BWIRE: Why TVETs should be prioritised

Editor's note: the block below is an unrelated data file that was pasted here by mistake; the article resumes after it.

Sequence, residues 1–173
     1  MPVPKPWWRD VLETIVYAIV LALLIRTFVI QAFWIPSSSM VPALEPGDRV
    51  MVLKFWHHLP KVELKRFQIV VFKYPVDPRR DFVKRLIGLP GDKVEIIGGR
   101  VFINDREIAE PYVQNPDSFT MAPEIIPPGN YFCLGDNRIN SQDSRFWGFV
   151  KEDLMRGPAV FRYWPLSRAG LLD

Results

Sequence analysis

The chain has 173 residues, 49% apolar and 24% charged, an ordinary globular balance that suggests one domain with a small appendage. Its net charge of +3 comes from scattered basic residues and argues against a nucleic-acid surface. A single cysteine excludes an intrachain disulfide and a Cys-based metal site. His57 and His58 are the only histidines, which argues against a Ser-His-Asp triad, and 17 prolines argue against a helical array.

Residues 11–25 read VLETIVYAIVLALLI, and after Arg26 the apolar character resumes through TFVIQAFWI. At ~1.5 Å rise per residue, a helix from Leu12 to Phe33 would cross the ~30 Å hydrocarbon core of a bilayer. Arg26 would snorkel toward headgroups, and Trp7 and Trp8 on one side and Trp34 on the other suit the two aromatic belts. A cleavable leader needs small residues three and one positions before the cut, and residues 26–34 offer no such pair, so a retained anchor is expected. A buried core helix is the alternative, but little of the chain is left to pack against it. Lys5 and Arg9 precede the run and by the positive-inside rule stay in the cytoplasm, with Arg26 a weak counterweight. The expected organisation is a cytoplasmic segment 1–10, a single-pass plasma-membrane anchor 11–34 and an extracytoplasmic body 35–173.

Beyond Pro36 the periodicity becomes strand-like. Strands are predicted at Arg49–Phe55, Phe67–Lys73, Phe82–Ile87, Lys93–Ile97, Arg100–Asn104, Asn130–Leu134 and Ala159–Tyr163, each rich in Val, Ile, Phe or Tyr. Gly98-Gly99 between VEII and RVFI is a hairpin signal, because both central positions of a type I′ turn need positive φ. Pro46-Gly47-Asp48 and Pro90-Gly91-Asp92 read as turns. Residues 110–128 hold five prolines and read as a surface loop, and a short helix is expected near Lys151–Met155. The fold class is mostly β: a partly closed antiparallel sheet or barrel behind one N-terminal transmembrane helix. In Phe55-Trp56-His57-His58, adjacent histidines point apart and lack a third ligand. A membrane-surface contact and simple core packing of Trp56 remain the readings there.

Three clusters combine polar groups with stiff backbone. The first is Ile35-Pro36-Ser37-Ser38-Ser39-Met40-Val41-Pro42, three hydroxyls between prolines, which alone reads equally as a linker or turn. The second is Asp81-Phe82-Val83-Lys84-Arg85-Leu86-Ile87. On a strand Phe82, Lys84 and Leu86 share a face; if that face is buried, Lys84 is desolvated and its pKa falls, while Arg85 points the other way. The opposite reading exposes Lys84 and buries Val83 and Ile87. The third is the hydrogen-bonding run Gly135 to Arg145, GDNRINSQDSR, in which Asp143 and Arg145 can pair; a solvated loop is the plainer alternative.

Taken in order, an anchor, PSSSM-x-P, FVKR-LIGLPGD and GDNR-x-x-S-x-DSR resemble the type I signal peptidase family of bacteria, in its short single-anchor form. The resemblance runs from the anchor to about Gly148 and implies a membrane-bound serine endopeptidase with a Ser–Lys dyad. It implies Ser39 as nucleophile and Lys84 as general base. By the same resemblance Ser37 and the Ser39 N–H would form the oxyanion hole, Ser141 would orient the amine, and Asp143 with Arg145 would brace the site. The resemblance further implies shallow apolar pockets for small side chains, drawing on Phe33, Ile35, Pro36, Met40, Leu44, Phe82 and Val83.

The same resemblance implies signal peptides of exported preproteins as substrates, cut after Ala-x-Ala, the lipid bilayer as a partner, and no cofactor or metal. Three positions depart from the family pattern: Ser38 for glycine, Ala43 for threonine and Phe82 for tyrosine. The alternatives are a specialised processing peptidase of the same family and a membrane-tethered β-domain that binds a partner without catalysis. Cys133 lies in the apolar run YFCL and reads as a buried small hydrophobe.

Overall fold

By Victor Bwire Kenya will continue failing to attract investors for the big four agenda and earning direct foreign investments even as it improves on its ease of doing business of inadequately educated workforce, insufficient capacity to innovate and lack of standardized required skills for modern industry. This is because the country has not prioritized vocational and technical training education (TVET) as the revised policy framework through complete has not been signed off. We need a national resolve and focus, with the necessary political will and zeal to embrace TVET in Kenya, otherwise, the youth’s dream to get gainful employment will remain a pipe dream. We must mobilise Kenyans to see the value in skills based training away from the obsession with certificates from universities and owning land as the only way of investing for security for the future; that skills are more relevant and a tool for future security for the individuals and the country. Both Government and the private sector agree that despite a huge potential in the vocational and technical sectors as the engines required for the country’s much needed national development, employment creation, and adequately skilled workers, there lacks a national drive and focus on the sector. Little is known about what the Government is investing towards this direction and the much- needed political push is lacking. Investors including the local private sector have found, despite Government commitment to invest in skills based training, that the supply side of the job market in Kenya is skewed towards white collar jobs, which currently are not the focus, and the cost of importing such basic employees is a huge burden including the costs and visa related requirements, thus opt for other countries. In an effort to re-orient that country’s training focus for the job market and make the youth employable through acquisition of relevant industry skills, the government created the state department for vocational and technical education and for example this year allocated Ksh.16 billion to the sector and plans to build a technical college in every constituency and a vocational Training Centre in every Ward for areas that do not have the institutions, enrolment to the existing ones is still a major challenge. TVET is governed by the Constitution of Kenya 2010, the TVET Act 2013 and other related Acts of Parliament such as the University Act 2012 and The Charters for Universities (2012) and the Kenya Qualifications Framework Act 2014. TVET is also guided by a number of policy documents including: the National Training Strategy 2005, Kenya Vision 2030 (2008) and the Second and third Medium Term Plan (2013 to 2018 and 2018-2022 respectively). TVET is implemented within the requirements of policy document on reforming education and training in Kenya, the National Technical and Vocational Education and Training Master Plan and Strategy developed to guide the growth of the TVET sector. Dr Kevit Desai, the Principal Secretary State department for Vocational and Technical Education, says that while the Government has invested and is focused on revatilising the Technical and Vocational Educational Training which is critical to the success of the big four agenda and visions 2030, through allowing the nearly 1 million youth who miss to join universities annually, the country is yet to fully embrace the initiative while support especially from the private sector is wanting. Government’s efforts to promote youth training and skills development although low level and yet to excite the nation is on course as the government allocated Sh16billion to support equipping of the institutions across the country. Plans are also on course to build a technical college in every constituency and a vocational Training Centre in every Ward for areas that do not have the institutions. Last year, the government unveiled 1.4million enrolment plan in 280 technical and vocational colleges and 1.6 million enrolment technical vocational centres. The TVET Curriculum Development and Assessment Certification Council (CDACC) has so developed 366 courses to be offered through both public and private training institutions, and jointly with HELB, and County Governments have loan and bursary facilities to support students. The requirements are for Level 6, you require a C- for a two years course, Level 5, D for I year course, Level 4 any KCSE certificate for 6 months and for Level 3, any KCPE for a three months course. This is happening at a time when there is enough evidence that TVET approach to training the population has more than just economic dividends, but social impacts including social cohesion, individual dignity and inclusiveness, that are a perquisite to dealing with the vices afflicting the youth. Skilled youth will be more innovative, creative and outgoing, including going out of the country to sell his/her skills thus stay away from drugs, crime, radicalization among other vices. There is a huge potential for the Youth to get the necessary education, competences, skills, attitude and value through the TVET approach, as it touches the core of the country’s problems; stagnant economic productivity, which has forced rural urban migration leading to challenges in the urban areas, food insecurity, collapsed of the extension services, poor health services especially communicable diseases and massive unemployment in Kenya. Given the poor skills sets, incompetent labour and a cultural orientation towards white collar jobs, many youth remain desolate and isolated, have lost hope as people education into a degree acquisition enterprise for those who can afford. Only just recently, Education Cabinet Secretary Prof George Magoha expressed his frustration of being unable to find a plumber in Yala town and had to get one from Kisumu, a situation be blamed on inappropriate education system that is focused academics and negative attitude by the society towards such jobs as plumbers. A recent study by ZiziAfrique Foundation’s Ujana 360 project, revealed that most vocational training centers (VTCs) have outdated equipment while others have no equipment at all for practical learning. The VTCs in marginalized counties are the most affected since they don’t get support from leaders and low appreciation from the youth and parents as well. It also indicates that parents and youths shy away from these institutions due to fear that there is no quality learning in those institutions. There is also need to motivate students to join the institutions. Students should be guided to take up courses that will equip them with the right skills and land them jobs that will earn them decent income. In the report, the institutions are described as having a very low profile, being poorly funded and having poorly motivated instructors. These attributes have consequently led to the institutions having poor enrolment rates; the youth do not want any association with them. It also indicates that a majority of the youth enrolled in these institutions do not reside from the Ward which forces the institution to build dormitories and where they cannot manage students have to seek accommodation from the neighbouring areas which becomes more expensive for the parents. The management of these institutions has complained that the function was devolved without funding and machinery found in these institutions are archaic. Poor remuneration of tutors in these institutions have also made qualified personnel to shun them since they are not sure when they will earn their pay. A report by the World Bank and education experts in the country released on August 21 of this year indicate that many instructors have not received appropriate training to teach technical skills. A recent report by the World Bank shows that many instructors in the TVETS have not received appropriate training to teach technical skills. “The programme of these institutions is not fully aligned with the competency-based curriculum, and the links with industry are quite weak. In addition, these institutions are dispersed across several ministries, resulting in limited homogeneity in programmes and standards,” according to the report. A 2013 World Bank Enterprise survey showed that 30 percent of Kenyan firms reported an inadequately educated workforce as a major obstacle to their operations and growth. A 2017/18 global competitiveness index identified insufficient capacity to innovate, poor work ethics, and an inadequately educated workforce as some of the most challenging factors for doing business in Kenya. The author is the Programmes Manager at the Media Council of Kenya